What sort of architects and designers are you hoping will apply?
At this stage, the outputs we are looking for are a set of briefs rather than developed designs. The approach will be to analyse what makes a successful visitor attraction, the opportunities offered by the site and existing venues, and to use the conclusions to drive proposals. As such, the consultancy team may not necessarily be architect-led, however, they must possess the broad range of skills to understand the opportunities offered by the different parts of the site. The special considerations of working with historic buildings will also be a factor and deciding on the best use for individual parts of the estate will be influenced as much by physical constraints of the site as by our need to breathe new life into it. Expertise in the design of exhibitions and visitor attractions, hospitality, retail, events, work and play spaces would all be useful.
Which other design opportunities are on the horizon and how will the architects/designers be procured?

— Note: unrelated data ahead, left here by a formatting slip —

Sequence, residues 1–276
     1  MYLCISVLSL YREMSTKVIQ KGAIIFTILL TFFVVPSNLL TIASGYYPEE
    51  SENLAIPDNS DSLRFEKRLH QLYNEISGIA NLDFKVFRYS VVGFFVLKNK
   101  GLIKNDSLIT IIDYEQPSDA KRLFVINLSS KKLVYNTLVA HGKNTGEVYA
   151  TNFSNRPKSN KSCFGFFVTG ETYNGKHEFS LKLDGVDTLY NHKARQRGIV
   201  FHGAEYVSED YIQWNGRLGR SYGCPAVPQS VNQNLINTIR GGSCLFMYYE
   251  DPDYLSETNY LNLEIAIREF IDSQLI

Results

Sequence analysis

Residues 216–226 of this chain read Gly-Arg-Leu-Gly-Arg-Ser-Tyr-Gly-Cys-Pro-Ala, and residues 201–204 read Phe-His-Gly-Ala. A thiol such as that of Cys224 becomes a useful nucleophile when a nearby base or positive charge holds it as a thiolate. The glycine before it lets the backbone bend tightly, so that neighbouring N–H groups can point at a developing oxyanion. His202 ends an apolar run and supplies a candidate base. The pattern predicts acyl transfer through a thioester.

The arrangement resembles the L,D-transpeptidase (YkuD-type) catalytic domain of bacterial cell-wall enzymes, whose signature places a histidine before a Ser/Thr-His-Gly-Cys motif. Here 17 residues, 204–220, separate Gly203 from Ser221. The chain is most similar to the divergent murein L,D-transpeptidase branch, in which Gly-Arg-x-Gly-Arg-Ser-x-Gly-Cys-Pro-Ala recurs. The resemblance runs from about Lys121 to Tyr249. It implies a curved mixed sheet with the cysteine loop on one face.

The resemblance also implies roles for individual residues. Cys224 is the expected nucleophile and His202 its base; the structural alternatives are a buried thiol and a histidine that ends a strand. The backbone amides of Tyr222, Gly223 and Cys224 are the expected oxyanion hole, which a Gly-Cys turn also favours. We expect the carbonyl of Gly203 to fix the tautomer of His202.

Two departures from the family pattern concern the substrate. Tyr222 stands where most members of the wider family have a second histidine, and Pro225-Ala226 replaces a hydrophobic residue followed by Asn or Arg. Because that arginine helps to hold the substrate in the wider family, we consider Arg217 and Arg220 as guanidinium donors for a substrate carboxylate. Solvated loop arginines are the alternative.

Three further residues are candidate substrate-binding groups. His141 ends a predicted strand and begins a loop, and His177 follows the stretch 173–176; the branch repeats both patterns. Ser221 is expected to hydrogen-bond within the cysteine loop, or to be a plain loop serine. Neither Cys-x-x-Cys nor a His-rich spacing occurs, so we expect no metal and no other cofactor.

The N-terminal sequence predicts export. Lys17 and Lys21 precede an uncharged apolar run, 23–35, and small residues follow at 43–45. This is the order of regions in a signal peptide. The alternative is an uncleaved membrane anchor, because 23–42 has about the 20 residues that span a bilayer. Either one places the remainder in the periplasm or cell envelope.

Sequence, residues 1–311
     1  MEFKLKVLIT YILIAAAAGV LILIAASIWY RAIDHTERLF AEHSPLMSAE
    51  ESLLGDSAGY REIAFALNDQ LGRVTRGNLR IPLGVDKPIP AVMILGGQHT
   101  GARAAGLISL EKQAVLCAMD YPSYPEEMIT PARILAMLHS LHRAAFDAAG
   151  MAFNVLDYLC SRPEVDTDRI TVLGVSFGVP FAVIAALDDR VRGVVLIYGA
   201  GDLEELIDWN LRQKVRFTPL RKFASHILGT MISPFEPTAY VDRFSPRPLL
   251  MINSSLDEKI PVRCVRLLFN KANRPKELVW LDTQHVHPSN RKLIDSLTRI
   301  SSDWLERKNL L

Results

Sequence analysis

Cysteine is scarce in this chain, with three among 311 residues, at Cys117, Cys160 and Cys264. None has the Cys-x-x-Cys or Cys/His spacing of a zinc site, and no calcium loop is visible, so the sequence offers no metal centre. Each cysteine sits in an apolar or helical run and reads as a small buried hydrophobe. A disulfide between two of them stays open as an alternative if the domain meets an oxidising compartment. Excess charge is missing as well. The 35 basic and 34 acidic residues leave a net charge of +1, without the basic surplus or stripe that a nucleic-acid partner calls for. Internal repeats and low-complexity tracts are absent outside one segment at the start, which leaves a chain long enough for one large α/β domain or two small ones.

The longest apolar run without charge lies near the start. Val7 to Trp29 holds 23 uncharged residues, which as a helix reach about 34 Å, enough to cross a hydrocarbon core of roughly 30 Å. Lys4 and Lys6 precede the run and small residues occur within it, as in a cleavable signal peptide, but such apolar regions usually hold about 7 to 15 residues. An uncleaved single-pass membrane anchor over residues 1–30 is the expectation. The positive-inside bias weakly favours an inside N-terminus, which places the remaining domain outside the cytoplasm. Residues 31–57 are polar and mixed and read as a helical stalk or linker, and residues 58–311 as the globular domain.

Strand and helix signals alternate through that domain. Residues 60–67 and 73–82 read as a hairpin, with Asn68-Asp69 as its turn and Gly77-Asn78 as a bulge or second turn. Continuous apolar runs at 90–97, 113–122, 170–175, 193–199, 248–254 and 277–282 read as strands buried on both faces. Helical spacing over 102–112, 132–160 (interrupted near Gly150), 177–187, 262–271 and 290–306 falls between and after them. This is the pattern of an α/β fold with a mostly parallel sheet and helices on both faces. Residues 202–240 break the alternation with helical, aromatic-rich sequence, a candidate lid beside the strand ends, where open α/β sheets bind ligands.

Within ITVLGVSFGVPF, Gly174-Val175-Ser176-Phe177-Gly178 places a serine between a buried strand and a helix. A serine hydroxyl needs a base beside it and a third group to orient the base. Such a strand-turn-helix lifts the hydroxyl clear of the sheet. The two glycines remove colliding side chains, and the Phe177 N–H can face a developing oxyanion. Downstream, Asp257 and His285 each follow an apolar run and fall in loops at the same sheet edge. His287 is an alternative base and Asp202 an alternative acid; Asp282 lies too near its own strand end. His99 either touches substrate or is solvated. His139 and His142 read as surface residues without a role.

We expect that the masterplan process will result in a sequence of projects that will be realised over the next five-plus years as funding becomes available. Each one of these will be subject to its own design and procurement process.
We are also working on the expansion of the International Slavery Museum from its base in the Merseyside Maritime Museum, into the adjacent Martin Luther King Building. In addition, we are shaping some other projects that will lead to significant improvements to our collection stores and staff facilities.
Are there any other recent historic waterfront regeneration masterplans you have been impressed by?
The obvious precedents are the historic docks of Portsmouth, Chatham, Bristol and Belfast. At the moment NML has a small number of historic vessels that occupy the Canning Graving Docks and we are interested in exploring new ways that these powerful structures could be presented to visitors.